Negative Selective of Autoreactive Antibodies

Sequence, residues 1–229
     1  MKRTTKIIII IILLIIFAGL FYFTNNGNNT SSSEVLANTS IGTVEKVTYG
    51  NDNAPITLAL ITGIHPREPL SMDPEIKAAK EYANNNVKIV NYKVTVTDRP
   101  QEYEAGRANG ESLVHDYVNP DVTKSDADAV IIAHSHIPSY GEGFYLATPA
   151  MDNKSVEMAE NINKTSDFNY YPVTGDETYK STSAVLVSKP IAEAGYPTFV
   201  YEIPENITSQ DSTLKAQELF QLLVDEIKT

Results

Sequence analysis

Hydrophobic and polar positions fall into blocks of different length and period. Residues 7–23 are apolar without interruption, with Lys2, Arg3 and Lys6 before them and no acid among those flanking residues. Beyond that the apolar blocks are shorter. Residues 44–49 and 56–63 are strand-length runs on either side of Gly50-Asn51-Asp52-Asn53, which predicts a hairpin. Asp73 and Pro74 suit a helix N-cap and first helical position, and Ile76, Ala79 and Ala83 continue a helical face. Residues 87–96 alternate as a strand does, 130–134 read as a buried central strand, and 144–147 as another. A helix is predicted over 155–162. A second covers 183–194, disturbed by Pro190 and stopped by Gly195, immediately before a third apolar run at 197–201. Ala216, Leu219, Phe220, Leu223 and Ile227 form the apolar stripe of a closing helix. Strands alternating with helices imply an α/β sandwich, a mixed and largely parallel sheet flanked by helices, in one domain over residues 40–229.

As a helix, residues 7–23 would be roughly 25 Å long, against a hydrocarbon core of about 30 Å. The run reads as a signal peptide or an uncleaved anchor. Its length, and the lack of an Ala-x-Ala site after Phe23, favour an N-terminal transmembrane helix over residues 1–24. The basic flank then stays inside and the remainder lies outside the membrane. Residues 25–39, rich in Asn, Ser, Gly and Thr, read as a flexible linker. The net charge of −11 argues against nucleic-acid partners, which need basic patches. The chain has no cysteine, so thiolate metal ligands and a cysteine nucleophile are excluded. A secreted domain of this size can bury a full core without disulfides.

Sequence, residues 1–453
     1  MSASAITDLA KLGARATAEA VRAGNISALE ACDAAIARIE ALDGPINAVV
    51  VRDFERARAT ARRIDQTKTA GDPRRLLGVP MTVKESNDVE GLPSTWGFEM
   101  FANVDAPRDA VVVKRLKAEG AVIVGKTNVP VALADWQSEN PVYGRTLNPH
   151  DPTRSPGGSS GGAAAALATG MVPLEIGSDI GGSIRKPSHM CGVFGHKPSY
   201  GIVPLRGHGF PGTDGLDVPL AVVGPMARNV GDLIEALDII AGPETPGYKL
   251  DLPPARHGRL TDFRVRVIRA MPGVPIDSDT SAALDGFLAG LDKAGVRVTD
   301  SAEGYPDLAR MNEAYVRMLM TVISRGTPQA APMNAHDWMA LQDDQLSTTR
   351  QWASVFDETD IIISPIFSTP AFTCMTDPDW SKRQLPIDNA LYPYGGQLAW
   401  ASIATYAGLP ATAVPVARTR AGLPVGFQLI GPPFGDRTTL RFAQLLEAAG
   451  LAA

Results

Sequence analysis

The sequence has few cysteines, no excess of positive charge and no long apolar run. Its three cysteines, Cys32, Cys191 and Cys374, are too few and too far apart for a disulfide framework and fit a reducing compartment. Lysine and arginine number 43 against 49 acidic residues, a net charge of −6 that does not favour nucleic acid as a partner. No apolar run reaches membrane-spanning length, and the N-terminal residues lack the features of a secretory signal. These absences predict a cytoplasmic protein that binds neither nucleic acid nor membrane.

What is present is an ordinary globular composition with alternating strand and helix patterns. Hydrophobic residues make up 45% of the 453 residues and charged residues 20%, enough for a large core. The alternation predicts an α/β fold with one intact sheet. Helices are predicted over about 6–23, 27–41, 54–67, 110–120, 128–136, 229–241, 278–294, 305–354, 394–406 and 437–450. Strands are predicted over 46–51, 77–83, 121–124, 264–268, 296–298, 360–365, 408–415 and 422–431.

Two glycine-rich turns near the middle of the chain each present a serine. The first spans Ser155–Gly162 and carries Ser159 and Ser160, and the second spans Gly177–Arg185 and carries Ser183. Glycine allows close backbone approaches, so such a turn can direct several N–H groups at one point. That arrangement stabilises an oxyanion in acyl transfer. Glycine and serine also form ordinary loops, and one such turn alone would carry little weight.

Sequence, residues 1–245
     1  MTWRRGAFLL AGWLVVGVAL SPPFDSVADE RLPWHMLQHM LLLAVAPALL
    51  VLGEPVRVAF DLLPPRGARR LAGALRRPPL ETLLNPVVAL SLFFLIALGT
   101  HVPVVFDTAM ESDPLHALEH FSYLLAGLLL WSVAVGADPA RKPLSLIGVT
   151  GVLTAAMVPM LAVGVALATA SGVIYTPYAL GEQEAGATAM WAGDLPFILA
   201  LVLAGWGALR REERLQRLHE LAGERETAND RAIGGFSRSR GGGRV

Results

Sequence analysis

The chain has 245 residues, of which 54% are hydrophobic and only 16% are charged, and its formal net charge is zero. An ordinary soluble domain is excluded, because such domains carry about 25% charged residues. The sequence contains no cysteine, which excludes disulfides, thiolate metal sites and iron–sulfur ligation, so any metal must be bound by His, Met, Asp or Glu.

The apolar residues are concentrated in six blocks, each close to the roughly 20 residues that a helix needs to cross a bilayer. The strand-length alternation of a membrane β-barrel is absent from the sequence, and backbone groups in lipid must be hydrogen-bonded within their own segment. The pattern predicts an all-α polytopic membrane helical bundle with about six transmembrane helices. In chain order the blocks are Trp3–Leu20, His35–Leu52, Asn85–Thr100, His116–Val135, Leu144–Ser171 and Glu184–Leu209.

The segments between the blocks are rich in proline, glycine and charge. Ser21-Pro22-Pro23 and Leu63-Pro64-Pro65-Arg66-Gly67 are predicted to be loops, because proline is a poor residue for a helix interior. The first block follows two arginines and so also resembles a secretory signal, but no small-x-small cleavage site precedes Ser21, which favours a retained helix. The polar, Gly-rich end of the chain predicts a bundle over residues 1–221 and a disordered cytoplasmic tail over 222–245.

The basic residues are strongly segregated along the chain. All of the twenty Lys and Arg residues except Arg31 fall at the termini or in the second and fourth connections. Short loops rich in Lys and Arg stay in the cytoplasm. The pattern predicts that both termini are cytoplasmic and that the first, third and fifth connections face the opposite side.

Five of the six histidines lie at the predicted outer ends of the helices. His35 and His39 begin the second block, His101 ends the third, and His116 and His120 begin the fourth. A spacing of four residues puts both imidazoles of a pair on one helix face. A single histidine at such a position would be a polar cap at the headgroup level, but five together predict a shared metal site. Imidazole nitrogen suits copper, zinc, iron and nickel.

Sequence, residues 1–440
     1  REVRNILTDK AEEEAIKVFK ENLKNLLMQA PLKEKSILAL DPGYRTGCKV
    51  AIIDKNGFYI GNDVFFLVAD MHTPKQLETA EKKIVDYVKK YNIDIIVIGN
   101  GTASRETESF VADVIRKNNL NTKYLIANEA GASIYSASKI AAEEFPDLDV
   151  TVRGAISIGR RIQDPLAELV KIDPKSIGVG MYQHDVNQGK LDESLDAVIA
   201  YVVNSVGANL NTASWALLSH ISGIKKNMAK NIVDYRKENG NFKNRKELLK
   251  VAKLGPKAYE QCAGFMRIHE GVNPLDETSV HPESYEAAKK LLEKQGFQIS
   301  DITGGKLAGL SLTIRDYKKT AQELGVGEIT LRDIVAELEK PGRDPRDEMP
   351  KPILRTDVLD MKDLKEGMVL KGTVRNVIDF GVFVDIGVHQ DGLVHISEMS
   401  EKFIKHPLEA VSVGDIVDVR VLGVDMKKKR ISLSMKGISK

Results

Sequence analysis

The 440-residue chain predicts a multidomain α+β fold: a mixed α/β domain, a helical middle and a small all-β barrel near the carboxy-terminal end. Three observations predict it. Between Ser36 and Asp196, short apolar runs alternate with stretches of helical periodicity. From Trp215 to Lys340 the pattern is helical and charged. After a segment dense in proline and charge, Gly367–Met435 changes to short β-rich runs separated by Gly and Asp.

We have proposed that the entry into the memory B cell compartment is regulated by BCR specificity for foreign antigen, rather than affinity per se. We suggest that specificity-based selection takes place in an iterative fashion via positive selection for affinity for foreign antigen and negative selection against affinity for self antigens in conjunction with V region hypermutation in the germinal center (GC). We use the term "specificity maturation" to describe this process. Since many of the BCRs expressed by primary peripheral B cells in mice and men display "multireactivity" for foreign and autoantigens, defects or perturbations in specificity maturation are predicted to directly contribute to the development of systemic autoimmune diseases such as SLE through enhanced entry of autoreactive clonotypes into the memory B cell pool. In the previous funding period we conducted tests of the specificity maturation hypothesis using a novel Ig transgenic system. A transgenic H chain was engineered to contain an arginine (R) in the V region that dramatically increases affinity for DMA-based autoantigens, but does not alter affinity for the foreign antigen arsonate (Ars) of the BCR expressed by a particular B cell clonotype (termed "canonical"). Canonical B cells with and without the R55 mutation both populate the mature, follicular compartment in similar numbers. However, mature R55 canonical clonotypes express low levels of BCR, due to autoantigen engagement. Nonetheless, such B cells do not display conventional features of anergy in vitro, and they can mount a robust early Ars-KLH-driven proliferative response in vivo. However, these clonotypes enter, but do not appear to expand in GCs, and inefficiently populate the anti-Ars memory compartment. These data support the general tenets of the specificity maturation hypothesis by suggesting that multireactive clonotypes expressing BCRs with potentially pathological levels of autoreactivity are eliminated during foreign antigen-driven GC responses. However, the limited resolution of the experiments conducted so far have not allowed detailed mechanistic insight into how this tolerance pathway operates, and how it may fail in autoimmunity. As such, in this competitive renewal we propose to define the relative roles of pre-GC, GC and post-GC tolerance checkpoints in the regulation of the activity of canonical R55 clonotypes, and determine how genetic defects previous shown to contribute to the breakdown of B cell tolerance influence the action of these checkpoints on this clonotype. Systemic autoimmune diseases such as Lupus often cause debilitating illness and are a major health issue in this country, particularly among women and minority groups. There are currently no cures for these diseases and available therapies are complex. More complete knowledge of the root causes of these diseases is required to improve this situation. Acquiring this knowledge is the goal of the experiments in this proposal.